Commentary / World

Two peas in a pod: Duterte in Bangkok

by Pavin Chachavalpongpun

Last month, Philippine President Rodrigo Duterte paid a visit to two ASEAN countries, Thailand and Myanmar, completing his introductory tour in the region as the republic’s new leader. His visit to Thailand, from March 21 to 23, was observed closely by analysts who were curious about his government’s relationship with the despotic Thai regime.

Duterte visited Thailand twice in the past four months. The first time was in November when he flew to Bangkok to pay respects to the late King Bhumibol Adulyadej. While in the Thai capital, Duterte also held talks with Prime Minister Gen. Prayuth Chan-ocha and met with members of the Thai private sector and the overseas Filipino community in Thailand.

On the official front, the two countries signed myriad agreements on cooperation in agriculture, tourism, and science and technology. The Philippines agreed to procure Thai rice out to 2018. Duterte shared his views with his counterpart on economic reforms and was keen to explore business opportunities in lucrative areas including services, digital content, energy, agriculture and innovation in Thailand. Moreover, they discussed the possibility of establishing special economic zones and corridors in their respective countries.

Security issues were also included in the talking points. From terrorism and drug trafficking to cybersecurity, Duterte and Prayuth found it in their common interest to organize the first meeting of the Thai-Philippine Joint Committee on Military Cooperation later this year. The conflicts over disputed territories in the South China Sea that both China and the Philippines lay claim to reigned high in the discussion. Thailand urged a peaceful solution while the Philippines stressed respect for freedom of navigation as being of uppermost importance in the disputed waters.

Days after he returned home and riding high on his successful trip, Duterte confronted controversial domestic issues. He repeated his wish to bring back martial law to save his nation of 100 million people from descending into what he says is drug, crime and terrorism-induced anarchy. Academic Jose Manuel Diokno said, “I think the situation today is the closest we’ve been to an authoritarian form of government in 30 years.”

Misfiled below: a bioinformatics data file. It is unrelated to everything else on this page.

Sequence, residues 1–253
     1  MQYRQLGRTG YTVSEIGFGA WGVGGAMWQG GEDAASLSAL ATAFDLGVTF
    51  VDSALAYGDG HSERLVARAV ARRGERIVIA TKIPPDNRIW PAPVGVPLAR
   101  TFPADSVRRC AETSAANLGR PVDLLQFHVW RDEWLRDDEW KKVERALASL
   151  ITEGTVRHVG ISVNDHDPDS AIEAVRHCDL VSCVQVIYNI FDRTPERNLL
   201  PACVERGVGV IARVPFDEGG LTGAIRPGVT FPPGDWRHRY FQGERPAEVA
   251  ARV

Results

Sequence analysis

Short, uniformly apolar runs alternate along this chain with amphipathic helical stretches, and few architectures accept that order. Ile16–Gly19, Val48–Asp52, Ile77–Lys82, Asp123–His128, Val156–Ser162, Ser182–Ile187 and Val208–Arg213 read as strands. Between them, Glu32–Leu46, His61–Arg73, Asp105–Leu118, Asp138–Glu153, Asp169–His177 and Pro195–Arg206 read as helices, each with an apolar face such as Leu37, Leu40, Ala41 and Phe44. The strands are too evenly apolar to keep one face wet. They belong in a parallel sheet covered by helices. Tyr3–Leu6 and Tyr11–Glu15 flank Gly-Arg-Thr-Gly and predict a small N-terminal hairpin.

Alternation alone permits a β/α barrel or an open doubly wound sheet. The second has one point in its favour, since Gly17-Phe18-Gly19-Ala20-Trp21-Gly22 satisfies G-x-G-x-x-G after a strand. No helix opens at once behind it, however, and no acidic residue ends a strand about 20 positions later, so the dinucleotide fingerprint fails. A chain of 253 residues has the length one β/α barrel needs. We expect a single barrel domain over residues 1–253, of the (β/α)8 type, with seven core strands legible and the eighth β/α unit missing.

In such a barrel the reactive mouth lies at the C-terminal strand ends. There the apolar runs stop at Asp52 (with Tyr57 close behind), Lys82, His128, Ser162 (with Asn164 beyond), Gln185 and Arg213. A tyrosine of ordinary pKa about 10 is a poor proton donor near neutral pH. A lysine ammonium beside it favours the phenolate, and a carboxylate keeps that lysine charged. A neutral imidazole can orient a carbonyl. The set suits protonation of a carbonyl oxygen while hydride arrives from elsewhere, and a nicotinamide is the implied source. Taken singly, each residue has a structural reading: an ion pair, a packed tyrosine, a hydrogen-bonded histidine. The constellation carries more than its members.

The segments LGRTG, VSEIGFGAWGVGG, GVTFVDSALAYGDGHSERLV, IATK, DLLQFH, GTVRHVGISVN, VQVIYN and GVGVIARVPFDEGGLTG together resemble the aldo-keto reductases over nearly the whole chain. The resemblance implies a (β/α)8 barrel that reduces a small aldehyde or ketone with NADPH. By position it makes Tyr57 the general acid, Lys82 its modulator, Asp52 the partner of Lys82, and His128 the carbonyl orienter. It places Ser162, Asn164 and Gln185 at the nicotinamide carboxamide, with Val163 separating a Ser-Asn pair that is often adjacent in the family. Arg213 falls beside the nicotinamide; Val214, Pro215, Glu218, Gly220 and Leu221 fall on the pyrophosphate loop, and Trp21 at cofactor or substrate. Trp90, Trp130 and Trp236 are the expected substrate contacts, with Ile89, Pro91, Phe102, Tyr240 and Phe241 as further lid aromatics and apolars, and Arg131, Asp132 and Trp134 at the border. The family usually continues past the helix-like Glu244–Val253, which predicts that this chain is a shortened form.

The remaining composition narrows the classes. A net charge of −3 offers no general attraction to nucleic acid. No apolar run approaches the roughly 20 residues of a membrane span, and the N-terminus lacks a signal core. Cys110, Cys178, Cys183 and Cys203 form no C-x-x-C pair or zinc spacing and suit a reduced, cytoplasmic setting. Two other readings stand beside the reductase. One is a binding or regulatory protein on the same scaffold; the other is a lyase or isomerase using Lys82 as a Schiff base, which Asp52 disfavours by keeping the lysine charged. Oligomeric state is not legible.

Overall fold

Either by accident or intention, the Thai military regime may have loaned its heavy-handed approach in dealing with social and political issues to the Philippine leader. The Thai Consitution’s Article 44, which grants absolute power to the military government, has been used discursively to undermine critics of the junta. Strangely, the promotion of martial law in the Philippines and Thailand’s Article 44 has gained broad support from some quarters in both societies.

Some Filipinos have cheered their government’s anti-drug war and view Duterte as a strongman who can reform politics and eliminate deep-rooted corruption. In Thailand, the Prayuth regime is surviving because of support from the middle and upper classes who fear that their political interests would be thrown into jeopardy should their enemy, former Prime Minister Thaksin Shinawatra, make a political comeback. To them, the military is their defense.

Hence, the strengthening of bilateral ties between two like-minded leaders may not be good news for the region. The Thai military, which staged a coup in 2014, has relentlessly sought approval from neighboring countries, particularly in ASEAN and China, as a way to offset pressure from the West. Since the coup, it is evident that the junta has moved Thailand closer into the orbit of China and willingly reconciled with old rivals in the neighborhood.

For example, Thai-Myanmar relations have recently been consolidated with an exchange of visits by both leaders. Not long after the coup, Myanmar Supreme Commander Senior Gen. Min Aung Hlaing arrived in Bangkok, making him one of the first few leaders from ASEAN to meet Prayuth. Min Aung Hlaing praised the Thai junta for “doing the right thing” in seizing power. He also compared it to his country’s experience during the political upheaval that took place in Yangon in 1988, when the army launched deadly crackdowns on pro-democracy activists.

Such an alliance soon welcomed a new member — Cambodia. The visit to Bangkok by Cambodian Prime Minister Hun Sen in December 2015 sent out a message that the two countries were enthusiastic about repairing their damaged ties. This followed years of conflict over the Preah Vihear Temple and the allegations of Hun Sen supporting Thaksin and offering shelter to anti-coup Red Shirts, some of whom are supporters of the former Thai premier.

Gradually, the political interests of Thailand, Myanmar, Cambodia and now the Philippines have appeared to converge. They have increasingly emerged as a large, dark hole that could threaten democracy in the region. In the background, China has successfully forged close relations with these states, perhaps with the exception of the Philippines due to their quarrels in the South China Sea. China has made inroads into Myanmar and Cambodia, and now serves as Thailand’s legitimacy provider in defiance of international sanctions. The new alliance, which looks like a de facto semi-democratic bloc, could negatively affect peace and stability in Southeast Asia.

Whatever has happened in Thailand could potentially encourage Manila to bypass the democratic process even though Duterte himself came to power through such means. Meanwhile, Duterte’s authoritarian approach has boosted the confidence of the Thai junta to continue its brutal regime at home. On a bilateral basis, strong ties between the two countries are welcome. But how they will shape the future of the region must be assessed critically as well.

Pavin Chachavalpongpun is an associate professor at Kyoto University’s Center for Southeast Asian Studies.